Part II: Grading the States

Policing for Profit

How to Use Grading the States

This section provides detailed information about asset forfeiture in each state, as well as for the federal government.  For each state, we include a brief explanation of the state’s forfeiture law, data on the extent of forfeiture use, and a grade.

Forfeiture Law:  This provides a brief description of the forfeiture laws in each state, focusing especially on incentives for abuse:  the percentage of forfeiture proceeds law enforcement agencies may keep and how easy or difficult the law makes it for owners to keep or successfully fight for the return of their property.  Our analysis focuses primarily on the civil forfeiture laws and procedures in drug statutes.

Extent of Forfeiture Use:  The tables indicate the level of asset forfeiture use in each state using the three sources of data detailed on pages 27 and 29.  While all fall short of a complete count of assets forfeited, together they provide a more comprehensive picture of the extent of forfeiture use in a state.  Also, recall that none of these sources distinguish between civil and criminal forfeitures, though it is likely that the vast majority are civil forfeitures.  Finally, note that data from LEMAS and freedom-of-information requests may include equitable sharing proceeds, as well as proceeds from state-law forfeitures.

Grade:  Each state is graded on the extent to which its asset forfeiture law encourages policing for profit, as well as data indicating how law enforcement officers behave in response to the incentives in the law.  Final grades combine two separate grades, one for the incentives in the law and the other for behavior.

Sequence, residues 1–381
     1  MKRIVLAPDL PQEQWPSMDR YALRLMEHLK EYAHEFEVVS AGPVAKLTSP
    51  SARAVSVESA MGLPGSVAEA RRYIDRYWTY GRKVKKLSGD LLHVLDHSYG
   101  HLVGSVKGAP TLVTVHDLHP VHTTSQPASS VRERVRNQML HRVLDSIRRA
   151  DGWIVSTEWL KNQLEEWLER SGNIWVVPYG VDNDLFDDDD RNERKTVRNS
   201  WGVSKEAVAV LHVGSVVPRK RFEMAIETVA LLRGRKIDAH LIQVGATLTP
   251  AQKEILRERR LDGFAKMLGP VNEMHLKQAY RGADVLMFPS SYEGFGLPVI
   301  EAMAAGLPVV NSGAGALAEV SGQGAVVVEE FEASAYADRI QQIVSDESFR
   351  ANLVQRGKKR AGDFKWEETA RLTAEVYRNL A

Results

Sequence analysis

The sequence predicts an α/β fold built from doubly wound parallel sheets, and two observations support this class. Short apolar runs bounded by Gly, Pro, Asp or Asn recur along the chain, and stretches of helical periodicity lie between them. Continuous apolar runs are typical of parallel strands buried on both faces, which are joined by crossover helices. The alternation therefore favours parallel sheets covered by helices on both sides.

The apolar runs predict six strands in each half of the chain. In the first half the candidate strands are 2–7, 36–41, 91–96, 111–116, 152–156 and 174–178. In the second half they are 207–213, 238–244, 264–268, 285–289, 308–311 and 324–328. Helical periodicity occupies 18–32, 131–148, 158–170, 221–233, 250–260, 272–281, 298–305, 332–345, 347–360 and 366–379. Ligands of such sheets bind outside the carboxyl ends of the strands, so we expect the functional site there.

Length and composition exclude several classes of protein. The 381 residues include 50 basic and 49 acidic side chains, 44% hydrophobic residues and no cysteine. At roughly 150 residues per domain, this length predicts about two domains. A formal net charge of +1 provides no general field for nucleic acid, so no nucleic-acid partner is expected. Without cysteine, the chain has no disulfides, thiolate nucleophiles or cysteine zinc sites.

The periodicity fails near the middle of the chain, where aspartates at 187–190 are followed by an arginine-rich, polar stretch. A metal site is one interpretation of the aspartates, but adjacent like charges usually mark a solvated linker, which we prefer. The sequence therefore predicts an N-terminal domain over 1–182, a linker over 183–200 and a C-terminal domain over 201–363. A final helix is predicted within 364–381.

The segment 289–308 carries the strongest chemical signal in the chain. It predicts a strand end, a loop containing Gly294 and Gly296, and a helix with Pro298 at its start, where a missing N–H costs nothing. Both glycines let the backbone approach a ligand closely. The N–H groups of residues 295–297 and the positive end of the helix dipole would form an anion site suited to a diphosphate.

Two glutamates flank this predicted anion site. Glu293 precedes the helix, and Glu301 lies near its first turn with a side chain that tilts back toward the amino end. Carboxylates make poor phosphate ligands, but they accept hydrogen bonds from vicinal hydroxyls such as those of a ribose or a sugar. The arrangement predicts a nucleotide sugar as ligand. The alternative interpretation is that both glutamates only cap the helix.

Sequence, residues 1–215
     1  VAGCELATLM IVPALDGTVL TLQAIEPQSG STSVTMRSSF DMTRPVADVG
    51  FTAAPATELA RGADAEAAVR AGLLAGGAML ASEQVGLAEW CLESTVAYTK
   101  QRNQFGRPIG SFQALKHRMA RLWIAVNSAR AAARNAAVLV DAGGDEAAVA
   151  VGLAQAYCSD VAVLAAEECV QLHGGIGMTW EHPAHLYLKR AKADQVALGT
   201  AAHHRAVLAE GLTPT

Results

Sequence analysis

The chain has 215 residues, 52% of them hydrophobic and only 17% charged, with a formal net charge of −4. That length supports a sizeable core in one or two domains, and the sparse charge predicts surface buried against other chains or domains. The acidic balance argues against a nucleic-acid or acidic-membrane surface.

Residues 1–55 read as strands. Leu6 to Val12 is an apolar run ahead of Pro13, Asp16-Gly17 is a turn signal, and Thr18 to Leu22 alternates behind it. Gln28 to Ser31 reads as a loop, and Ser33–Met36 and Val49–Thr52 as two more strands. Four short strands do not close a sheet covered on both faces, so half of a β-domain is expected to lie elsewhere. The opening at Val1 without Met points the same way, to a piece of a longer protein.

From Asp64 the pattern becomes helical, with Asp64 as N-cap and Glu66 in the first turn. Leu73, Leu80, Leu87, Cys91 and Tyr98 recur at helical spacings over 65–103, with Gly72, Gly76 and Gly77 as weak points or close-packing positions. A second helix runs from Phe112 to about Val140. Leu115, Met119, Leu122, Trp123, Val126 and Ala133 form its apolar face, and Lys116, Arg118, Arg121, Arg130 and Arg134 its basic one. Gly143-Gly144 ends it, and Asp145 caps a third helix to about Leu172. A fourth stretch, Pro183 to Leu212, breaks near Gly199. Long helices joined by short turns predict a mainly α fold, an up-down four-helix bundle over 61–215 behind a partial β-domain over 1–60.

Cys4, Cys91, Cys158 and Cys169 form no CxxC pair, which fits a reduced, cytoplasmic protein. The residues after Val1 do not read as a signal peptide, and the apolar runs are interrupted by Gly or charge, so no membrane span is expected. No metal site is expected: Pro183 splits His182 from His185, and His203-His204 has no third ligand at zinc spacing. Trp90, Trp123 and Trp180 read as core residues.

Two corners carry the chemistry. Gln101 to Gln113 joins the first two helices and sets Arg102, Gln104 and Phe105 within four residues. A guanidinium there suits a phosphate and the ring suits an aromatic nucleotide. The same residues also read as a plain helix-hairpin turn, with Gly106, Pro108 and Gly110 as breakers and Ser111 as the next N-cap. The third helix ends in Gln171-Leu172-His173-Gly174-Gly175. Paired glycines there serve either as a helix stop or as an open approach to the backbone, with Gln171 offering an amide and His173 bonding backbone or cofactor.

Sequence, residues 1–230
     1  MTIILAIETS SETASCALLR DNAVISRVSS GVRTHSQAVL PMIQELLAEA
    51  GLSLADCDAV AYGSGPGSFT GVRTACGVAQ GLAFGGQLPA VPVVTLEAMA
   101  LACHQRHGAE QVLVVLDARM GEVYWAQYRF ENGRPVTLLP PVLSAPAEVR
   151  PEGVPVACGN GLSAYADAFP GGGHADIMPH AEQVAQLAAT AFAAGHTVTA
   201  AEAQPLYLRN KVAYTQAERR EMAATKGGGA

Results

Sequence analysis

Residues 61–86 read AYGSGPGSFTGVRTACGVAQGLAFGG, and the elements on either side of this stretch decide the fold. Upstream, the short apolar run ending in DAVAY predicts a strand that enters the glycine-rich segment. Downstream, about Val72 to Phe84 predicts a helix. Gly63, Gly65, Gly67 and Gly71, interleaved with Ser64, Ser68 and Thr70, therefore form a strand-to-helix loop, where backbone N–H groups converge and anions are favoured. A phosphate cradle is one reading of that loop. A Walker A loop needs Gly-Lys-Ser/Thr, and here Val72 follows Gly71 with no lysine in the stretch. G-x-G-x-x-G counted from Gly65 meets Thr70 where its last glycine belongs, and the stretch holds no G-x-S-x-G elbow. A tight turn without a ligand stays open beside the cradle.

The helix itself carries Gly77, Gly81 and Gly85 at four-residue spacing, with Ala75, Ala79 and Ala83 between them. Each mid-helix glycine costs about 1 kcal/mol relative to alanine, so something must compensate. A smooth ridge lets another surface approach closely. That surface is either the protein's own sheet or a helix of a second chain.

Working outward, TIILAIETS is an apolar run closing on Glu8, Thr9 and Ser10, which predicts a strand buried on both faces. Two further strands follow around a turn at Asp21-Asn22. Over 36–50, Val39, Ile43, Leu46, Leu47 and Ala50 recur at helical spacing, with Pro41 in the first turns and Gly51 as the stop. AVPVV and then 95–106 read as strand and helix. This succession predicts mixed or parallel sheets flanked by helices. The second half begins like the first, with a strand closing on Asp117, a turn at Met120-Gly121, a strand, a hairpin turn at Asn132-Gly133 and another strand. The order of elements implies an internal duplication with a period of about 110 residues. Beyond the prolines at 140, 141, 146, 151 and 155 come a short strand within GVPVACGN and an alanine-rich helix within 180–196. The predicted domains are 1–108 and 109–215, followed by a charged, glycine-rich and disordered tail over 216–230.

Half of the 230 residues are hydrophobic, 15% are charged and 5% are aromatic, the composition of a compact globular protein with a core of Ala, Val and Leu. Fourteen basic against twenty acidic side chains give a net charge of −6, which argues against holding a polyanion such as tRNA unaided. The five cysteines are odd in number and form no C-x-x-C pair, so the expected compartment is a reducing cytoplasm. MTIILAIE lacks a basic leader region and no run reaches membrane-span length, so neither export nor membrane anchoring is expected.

Forfeiture Law Grade:  This grade indicates how rewarding and easy civil forfeiture is in a state.  The table below indicates how we assigned grades to each state for three elements of forfeiture law.  These individual grades were weighted to reflect the relative incentive each element provides law enforcement to engage in civil forfeiture.  Weighted grades were then combined into one grade.[1]

State Law Evasion Grade:  As the findings of the first section demonstrate, a state law that provides strong protections for property owners is of little use if law enforcement agencies can partner with the federal government to forfeit property and receive a large chunk of the proceeds.  Therefore, a critical part of grading the states is the use of equitable sharing as a measure of the extent to which state and local law enforcement agencies attempt to circumvent limits in state law.[2]   Higher grades indicate lower levels of equitable sharing.[3]

Final Grade:  This is a simple average of the Forfeiture Law Grade and the State Law Evasion Grade.

[1] After states were assigned their respective grades, the standard of proof and innocent owner burden grades were combined into one “burden” grade by creating a weighted average, where standard of proof accounted for 66 percent of the grade and innocent owner burden accounted for 33 percent.  This reflects the relative difficulty each process represents for law enforcement agencies in keeping seized properties.  These burden grades were then combined with profit motive grades into a single weighted grade by assigning a weight of one to the “burden” grades and a weight of three to the percentage grades.  This was done based on the premise that law enforcement agencies are incentivized to pursue asset forfeiture based more on the percentage of the seized assets they can keep than the relative ease of the forfeiture process.

[2] A few states require that equitable sharing assets must go through a state or local court prior to deposit in a federal account.  These are commonly called “turnover orders.”

[3] This grade was created in a multi-step process.  First, a three-year average of equitable sharing was created using data from 2005, 2006 and 2007.  Second, the equitable sharing totals for each state were adjusted, or standardized, by dividing each state’s equitable sharing total by its average rate of drug arrests for 2005, 2006 and 2007, taken from the FBI’s Uniform Crime Report.  (Drug arrest rate reflects the number of drug arrests per 1,000 people in the population).  Third, because the adjusted equitable sharing distribution was skewed, the data were transformed into natural logs to normalize the distribution.  Fourth, the logged data were transformed into z-scores and grades assigned where z-scores of less than -1.5=A, -1.5 to -.5=B; -.5 to .5=C; .5 to 1.5=D; and greater than 1.5=F.